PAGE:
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St. Louis Cardinals win comfortably behind strong Wacha start in 7-1 win over the Dodgers

Michael Wacha delivered seven strong innings and continued his recent run of actually striking guys out. The offense singled their way to 7 runs with only three of their 14 hits going for extra-base hits (and all of them were doubles).

"You mean Mattingly is worse than Matheny?  I don't understand."
"You mean Mattingly is worse than Matheny? I don't understand."
Jayne Kamin-Oncea-USA TODAY Sports

Michael Wacha has had an interesting start to the season.  More interesting I think for people familiar with advanced stats than those who prefer W-L and ERA.  Because the truth of the matter is Wacha has been mediocre this year by his underlying peripherals.  Going into the game, he had 42 strikeouts and 17 walks in 63.1 IP.  That's not that impressive.  His FIP was 3.76.  His xFIP was 4.09.  If SIERA is your style, it was 4.19.  Basically, ERA is the only stat that said Michael Wacha has been an elite pitcher this year.

If Wacha wants to keep his ERA low - 2.18 is probably not realistic even if he was pitching at the level of an elite pitcher - he needs to start striking more hitters out.  Luckily, his stats so far are entered in.  There is no taking them away.  And conveniently, Wacha seems to be pitching a lot better than he started the season lately.  In his last four games, he pitched 24.2 IP with 23 Ks and 9 walks.

Tonight's game was probably his most impressive of the season.  While he only had 5 Ks in 7 IP, it was his best start by K/BB ratio of the season.  He has not struck out five batters without walking at least two yet until tonight.  Not all of it was good - he had a low 27.3 GB% so he was probably fortunate to not allow a home run, especially against an offense at the caliber of the Dodgers.

The game started when Joc Pederson crushed a ball that was caught only because Jason Heyward is an elite fielder.  In Wacha's defense, Pederson is really good at hitting.  In fact, Pederson was about the only Dodger to get good contact on Wacha in the early innings.  With the exception of a Justin Turner single in the 2nd and a Pederson double in the 3rd, Wacha was cruising through the Dodgers lineup.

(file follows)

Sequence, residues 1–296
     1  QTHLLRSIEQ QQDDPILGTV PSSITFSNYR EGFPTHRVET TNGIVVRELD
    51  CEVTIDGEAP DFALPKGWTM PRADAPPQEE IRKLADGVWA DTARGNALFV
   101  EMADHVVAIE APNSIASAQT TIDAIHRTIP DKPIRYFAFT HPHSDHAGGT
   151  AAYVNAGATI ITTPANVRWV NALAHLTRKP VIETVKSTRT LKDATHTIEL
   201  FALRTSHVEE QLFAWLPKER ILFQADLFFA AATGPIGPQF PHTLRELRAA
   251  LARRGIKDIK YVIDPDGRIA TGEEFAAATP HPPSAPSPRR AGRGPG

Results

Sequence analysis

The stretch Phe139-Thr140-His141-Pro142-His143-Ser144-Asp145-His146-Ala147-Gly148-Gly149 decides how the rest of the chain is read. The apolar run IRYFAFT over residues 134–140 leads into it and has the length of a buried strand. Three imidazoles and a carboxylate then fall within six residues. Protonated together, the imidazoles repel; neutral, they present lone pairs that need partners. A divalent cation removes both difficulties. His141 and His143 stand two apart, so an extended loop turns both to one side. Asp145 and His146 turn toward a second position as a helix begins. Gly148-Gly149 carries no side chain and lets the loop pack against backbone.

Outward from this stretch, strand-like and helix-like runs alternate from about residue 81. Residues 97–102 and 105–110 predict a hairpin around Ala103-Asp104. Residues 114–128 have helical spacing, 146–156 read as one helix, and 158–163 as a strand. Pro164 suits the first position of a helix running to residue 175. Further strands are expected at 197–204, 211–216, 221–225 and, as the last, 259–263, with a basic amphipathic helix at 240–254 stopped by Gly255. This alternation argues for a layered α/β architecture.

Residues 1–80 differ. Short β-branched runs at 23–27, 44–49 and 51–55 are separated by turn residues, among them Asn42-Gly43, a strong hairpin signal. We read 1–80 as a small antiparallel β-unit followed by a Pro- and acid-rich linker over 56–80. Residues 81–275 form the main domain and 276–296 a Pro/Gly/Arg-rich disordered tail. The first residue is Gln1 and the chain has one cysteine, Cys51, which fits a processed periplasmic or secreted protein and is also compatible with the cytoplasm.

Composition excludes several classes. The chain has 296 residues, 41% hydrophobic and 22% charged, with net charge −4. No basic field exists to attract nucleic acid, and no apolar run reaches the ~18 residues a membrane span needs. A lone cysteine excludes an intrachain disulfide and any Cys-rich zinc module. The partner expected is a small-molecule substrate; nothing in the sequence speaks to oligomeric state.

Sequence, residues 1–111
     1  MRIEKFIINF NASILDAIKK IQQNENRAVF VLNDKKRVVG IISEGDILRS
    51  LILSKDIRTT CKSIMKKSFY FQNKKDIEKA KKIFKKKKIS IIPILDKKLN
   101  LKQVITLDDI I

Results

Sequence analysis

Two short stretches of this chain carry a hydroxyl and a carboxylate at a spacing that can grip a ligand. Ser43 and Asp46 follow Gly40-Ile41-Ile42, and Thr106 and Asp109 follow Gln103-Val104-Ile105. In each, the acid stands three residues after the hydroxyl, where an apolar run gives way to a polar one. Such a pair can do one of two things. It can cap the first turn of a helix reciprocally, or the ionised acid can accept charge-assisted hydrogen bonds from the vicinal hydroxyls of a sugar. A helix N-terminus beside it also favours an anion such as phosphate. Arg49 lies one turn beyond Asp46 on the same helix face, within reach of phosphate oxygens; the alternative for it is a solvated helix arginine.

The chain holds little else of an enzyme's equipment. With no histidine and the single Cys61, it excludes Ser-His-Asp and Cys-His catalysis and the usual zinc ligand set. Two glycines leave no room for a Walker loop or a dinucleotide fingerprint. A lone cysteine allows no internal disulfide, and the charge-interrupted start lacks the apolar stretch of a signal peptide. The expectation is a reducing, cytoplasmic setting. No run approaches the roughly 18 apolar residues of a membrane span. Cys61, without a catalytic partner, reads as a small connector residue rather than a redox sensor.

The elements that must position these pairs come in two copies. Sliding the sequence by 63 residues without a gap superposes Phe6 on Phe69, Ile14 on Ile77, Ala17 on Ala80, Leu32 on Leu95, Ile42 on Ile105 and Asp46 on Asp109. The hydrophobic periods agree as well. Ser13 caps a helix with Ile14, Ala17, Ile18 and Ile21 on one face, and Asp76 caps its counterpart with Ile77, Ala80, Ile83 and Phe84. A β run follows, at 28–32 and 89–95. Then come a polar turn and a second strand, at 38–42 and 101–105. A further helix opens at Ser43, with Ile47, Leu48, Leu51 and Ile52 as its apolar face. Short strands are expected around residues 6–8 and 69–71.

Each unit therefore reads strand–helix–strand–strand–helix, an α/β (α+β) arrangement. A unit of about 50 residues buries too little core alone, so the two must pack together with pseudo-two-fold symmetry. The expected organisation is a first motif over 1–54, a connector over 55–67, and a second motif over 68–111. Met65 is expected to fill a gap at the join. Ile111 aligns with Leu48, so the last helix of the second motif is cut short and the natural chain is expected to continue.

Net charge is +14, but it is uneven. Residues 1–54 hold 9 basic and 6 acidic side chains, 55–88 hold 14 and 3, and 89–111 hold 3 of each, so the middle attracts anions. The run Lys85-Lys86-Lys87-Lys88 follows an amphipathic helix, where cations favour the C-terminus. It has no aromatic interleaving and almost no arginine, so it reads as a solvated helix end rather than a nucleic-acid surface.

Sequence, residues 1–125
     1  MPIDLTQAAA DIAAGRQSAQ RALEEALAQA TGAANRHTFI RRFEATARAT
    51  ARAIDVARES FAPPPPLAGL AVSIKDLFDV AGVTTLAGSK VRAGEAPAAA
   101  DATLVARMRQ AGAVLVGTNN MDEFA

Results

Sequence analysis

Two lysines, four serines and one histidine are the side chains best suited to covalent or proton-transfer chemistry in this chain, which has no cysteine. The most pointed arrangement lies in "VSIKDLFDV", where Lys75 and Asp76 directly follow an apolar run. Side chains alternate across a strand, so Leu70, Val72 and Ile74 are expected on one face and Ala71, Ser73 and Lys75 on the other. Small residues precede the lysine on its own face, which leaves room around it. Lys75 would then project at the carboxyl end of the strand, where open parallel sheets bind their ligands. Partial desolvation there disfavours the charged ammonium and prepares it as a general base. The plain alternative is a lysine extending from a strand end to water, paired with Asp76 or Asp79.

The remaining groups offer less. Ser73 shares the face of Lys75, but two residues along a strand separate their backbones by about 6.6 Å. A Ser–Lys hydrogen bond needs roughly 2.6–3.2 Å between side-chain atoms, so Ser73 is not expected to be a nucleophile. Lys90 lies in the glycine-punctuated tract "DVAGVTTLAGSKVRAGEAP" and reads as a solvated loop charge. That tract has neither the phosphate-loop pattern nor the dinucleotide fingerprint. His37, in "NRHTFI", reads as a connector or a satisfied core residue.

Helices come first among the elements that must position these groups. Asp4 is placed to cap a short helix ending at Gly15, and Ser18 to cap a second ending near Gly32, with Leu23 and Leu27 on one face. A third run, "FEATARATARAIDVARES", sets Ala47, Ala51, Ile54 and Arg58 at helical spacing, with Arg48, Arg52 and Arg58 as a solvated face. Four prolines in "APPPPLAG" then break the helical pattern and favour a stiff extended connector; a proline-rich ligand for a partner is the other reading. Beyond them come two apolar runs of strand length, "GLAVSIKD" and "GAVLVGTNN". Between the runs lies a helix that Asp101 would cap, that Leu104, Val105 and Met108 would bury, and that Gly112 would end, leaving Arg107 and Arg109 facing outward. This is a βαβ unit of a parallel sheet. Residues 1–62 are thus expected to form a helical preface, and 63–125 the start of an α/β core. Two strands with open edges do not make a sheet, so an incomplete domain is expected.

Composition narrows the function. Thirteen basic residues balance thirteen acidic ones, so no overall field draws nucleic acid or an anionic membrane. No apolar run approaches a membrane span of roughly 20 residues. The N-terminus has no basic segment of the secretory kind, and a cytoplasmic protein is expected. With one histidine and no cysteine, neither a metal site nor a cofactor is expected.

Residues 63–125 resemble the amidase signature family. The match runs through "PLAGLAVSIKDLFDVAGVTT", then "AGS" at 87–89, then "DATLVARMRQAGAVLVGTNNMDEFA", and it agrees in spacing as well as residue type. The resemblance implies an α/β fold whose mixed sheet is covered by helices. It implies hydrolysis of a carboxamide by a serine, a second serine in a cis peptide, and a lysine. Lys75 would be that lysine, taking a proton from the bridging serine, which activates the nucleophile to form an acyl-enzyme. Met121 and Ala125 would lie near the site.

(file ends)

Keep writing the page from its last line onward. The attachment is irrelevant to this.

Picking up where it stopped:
In the fifth, he ran into his first real trouble. Back to back hits by Jimmy Rollins and Kiki Hernandez left runners at 1st and 3rd with one out.  Here's where the manager of the Dodgers made his influence on the game.  Carlos Frias, the pitcher, was up.  He had 85 pitches at the time with five runs allowed (three earned).  He did not look particularly good in his outing.  Mattingly decided it was a good idea for him to bat for himself.  Frias successfully executed a sacrifice bunt to make it runners at 2nd and 3rd with two outs.  Pederson, with two crushed balls in his first two plate appearances, was up.  Wacha struck him out looking to end the inning.

He came back out for the 6th and had more trouble, mostly due to some bad luck on balls in play.  Adrian Gonzalez singled with one out.  Turner followed him with a single of his own.  Andre Ethier hit a ball right in between short and third that hit off Jhonny Peralta's glove.  The ball knocked far enough way that Gonzalez should have scored, but he remained on third to the dismay of the Dodger crowd.  It didn't end up hurting them as Alex Guerrero got a good pitch to hit and crushed it to center where Jay was waiting to catch the ball.  The broadcast then showed Guerrero getting fives from everybody followed by him throwing his helmet because he probably felt he just missed it.  The inning ended with only one run to show for their parade of hits when Rollins grounded out to second.